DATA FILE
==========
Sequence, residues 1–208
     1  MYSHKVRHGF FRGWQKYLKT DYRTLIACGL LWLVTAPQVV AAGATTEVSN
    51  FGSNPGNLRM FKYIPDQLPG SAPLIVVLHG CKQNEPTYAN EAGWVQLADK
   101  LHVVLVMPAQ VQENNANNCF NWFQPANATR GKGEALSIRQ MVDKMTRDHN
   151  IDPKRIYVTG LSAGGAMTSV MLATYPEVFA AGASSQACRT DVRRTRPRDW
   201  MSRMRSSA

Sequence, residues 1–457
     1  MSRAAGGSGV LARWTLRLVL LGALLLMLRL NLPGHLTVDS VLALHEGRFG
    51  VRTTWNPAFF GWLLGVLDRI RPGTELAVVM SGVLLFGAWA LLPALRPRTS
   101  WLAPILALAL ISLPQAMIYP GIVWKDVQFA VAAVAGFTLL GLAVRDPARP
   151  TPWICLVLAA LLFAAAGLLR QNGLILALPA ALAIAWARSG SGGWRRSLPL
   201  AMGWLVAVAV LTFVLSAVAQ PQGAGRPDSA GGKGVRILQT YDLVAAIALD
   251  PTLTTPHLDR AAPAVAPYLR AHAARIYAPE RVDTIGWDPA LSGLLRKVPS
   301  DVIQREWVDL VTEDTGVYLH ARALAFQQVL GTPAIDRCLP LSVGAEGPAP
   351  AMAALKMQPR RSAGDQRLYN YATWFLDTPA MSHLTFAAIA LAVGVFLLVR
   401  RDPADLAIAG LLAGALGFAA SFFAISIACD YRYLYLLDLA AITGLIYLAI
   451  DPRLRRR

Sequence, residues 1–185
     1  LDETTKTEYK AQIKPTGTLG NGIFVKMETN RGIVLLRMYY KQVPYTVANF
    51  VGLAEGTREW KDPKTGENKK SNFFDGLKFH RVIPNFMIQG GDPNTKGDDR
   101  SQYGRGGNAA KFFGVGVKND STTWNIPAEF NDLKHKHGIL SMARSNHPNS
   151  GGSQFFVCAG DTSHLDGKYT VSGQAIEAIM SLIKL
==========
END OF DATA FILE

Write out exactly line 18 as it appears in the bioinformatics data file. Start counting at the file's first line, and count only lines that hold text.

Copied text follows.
Sequence, residues 1–185